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International News

US Refuses to Join Effort to Develop, Distribute Vaccine Because WHO Is Involved

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US Refuses to Join Effort to Develop, Distribute Vaccine Because WHO Is Involved

2020-09-02 20:52:28

By Laura Tucker, Staff writer; Image: Stock vaccine image (Image source: Public domain)


The Trump administration is doubling down on its efforts to pull out of the World Health Organization. Not only is it leaving in the middle of a pandemic, but it is also refusing to join a global effort to develop, manufacture, and distribute a COVID-19 vaccine, preferring instead to go it alone.

More than 170 countries are discussing joining the COVID-19 Vaccines Global Access (Covax) Facility. The goal is to speed up development of a vaccine, get enough doses for all the countries involved, then distribute it to the most high-risk people in each country.

The vaccine alliance is co-led by the WHO, the Coalition for Epidemic Preparedness Innovations and  Gavi and was of interest to some in the Trump administration. It's backed by Japan, Germany, and the European Commission.

The U.S. will not be participating, however, partially because of the White House's reluctance to work with the WHO. Donald Trump has criticized it often and eventually insisted on pulling the U.S. out of the organization.

"The United States will continue to engage our international partners to ensure we defeat this virus, but we will not be constrained by multilateral organizations influenced by the corrupt World Health Organization and China," said White House spokesman Judd Deere.

"America is taking a huge gamble by taking a go-it-alone strategy," said Georgetown University professor of global health law Lawrence Gostin."

Dartmouth's Geisel School of Medicine assistant professor, Kendall Hoyt, compared the U.S. decision to opting out of an insurance policy. She believes that the U.S. could be pursuing it in multiple directions, going after deals with drug companies while also participating in Covax to increase the odds that the country will be among the first to get the vaccine.

"Just from a simple risk-management perspective, this [Covax decision) is shortsighted," she said.

It's not just affecting the U.S. either, as it will shape what happens in other countries. The goal of Covax is to discourage hoarding of the virus and focus on vaccinating the most high-risk people in every country first, which could lead to better outcomes and lower costs, according to experts.

But the U.S. not participating makes that goal difficult to achieve. "When the U.S. says it is not going to participate in any sort of multilateral effort to secure vaccines, it's a real blow," said Suerie Moon, co-director of the Global Health Center at the Graduate Institute of International and Development Studies in Geneva.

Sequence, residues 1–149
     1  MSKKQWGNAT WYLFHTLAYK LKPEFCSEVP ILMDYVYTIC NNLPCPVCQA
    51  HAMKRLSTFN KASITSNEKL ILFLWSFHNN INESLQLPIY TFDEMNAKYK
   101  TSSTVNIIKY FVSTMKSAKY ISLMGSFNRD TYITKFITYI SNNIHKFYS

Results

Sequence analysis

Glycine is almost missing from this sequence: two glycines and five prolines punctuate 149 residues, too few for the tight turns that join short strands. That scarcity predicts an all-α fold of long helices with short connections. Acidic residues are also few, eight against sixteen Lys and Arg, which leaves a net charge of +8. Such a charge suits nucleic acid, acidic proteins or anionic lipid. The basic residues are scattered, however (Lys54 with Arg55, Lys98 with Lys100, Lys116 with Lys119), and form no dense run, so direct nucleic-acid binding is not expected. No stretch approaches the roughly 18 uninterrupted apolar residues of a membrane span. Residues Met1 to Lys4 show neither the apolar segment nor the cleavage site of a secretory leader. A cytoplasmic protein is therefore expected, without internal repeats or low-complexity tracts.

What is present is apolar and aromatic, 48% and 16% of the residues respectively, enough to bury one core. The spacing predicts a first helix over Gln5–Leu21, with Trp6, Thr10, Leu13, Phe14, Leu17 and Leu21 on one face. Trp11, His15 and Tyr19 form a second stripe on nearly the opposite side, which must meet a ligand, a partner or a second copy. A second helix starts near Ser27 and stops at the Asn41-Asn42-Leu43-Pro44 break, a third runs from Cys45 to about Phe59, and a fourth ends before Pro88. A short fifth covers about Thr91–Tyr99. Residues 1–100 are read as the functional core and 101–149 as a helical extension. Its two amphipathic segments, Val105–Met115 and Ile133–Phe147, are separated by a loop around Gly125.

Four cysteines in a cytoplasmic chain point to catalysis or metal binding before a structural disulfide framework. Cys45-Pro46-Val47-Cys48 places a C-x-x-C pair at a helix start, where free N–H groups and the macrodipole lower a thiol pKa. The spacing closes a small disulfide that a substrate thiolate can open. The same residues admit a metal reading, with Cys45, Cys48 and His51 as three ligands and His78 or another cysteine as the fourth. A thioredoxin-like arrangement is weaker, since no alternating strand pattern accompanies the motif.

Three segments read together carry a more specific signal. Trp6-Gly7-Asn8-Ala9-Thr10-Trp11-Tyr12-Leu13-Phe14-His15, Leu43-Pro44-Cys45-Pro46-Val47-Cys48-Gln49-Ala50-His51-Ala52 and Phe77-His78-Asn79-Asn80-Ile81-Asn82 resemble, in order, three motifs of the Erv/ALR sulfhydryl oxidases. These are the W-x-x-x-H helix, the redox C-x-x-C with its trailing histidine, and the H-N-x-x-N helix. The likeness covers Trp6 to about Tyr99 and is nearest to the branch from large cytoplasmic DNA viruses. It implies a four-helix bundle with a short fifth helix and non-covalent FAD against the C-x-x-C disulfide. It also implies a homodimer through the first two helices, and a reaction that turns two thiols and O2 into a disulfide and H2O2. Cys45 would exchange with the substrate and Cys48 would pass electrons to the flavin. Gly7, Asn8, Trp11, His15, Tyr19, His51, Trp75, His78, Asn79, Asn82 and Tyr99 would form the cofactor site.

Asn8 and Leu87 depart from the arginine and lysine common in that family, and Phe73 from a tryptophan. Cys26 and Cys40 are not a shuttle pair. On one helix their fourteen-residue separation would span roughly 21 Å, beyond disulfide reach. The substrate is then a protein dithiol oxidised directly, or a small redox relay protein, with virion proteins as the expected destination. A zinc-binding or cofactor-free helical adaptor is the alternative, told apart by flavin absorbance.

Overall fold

"The behavior of countries when it comes to vaccines in this pandemic will have political repercussions beyond public health," added Moon. "It's about: are you a reliable partner, or at the end of the day, are you going to keep all your toys for yourself?"

Health and Human Services Secretary Alex Azar and Deputy Secretary of State Stephen Biegun initially wanted to be included in some way in Covax, said a senior administration official. But some in the government resisted, and there was a belief that the U.S. has enough vaccine candidates that it can do this on its own.

Experts believe a worst-case scenario, that is unlikely to play out, would be if none of the U.S. vaccine candidates are viable. This would leave the U.S. without options, as it would be too late to join Covax. Another possibility is a U.S. vaccine working and the country hoarding it instead of helping out other countries.

Experts, though, believe the new vaccine is unlikely to offer complete protection to everyone. A portion of the population will still be vulnerable as tourism and trade pick up again.

Additionally, it won't really help much if the U.S. gets the vaccine and gets the country healthy. Large parts of the world will still be shut down and the global economy affected. The United States still won't be able to go back to normal.

The WHO has pushed countries to pursue their own strategies and join Covax. "By joining the facility at the same time that you do bilateral deals, you're actually betting on a larger number of vaccine candidates," said Mariângela Simao, a WHO assistant director general for drug and vaccine access, last month. This could be the best all-around decision.

The director of the Global Health Policy Center at the Center for Strategic and International Studies, J. Stephen Morrison, said the White House could still change its mind and join Covax. It could even allow the Senate to fund the initiative through Gavi. 

"This just shows how awkward, contradictory, and self-defeating all of this is," he said. "For the U.S. to terminate its relationship with the WHO in the middle of a pandemic is going to create an endless stream of self-defeating moments."

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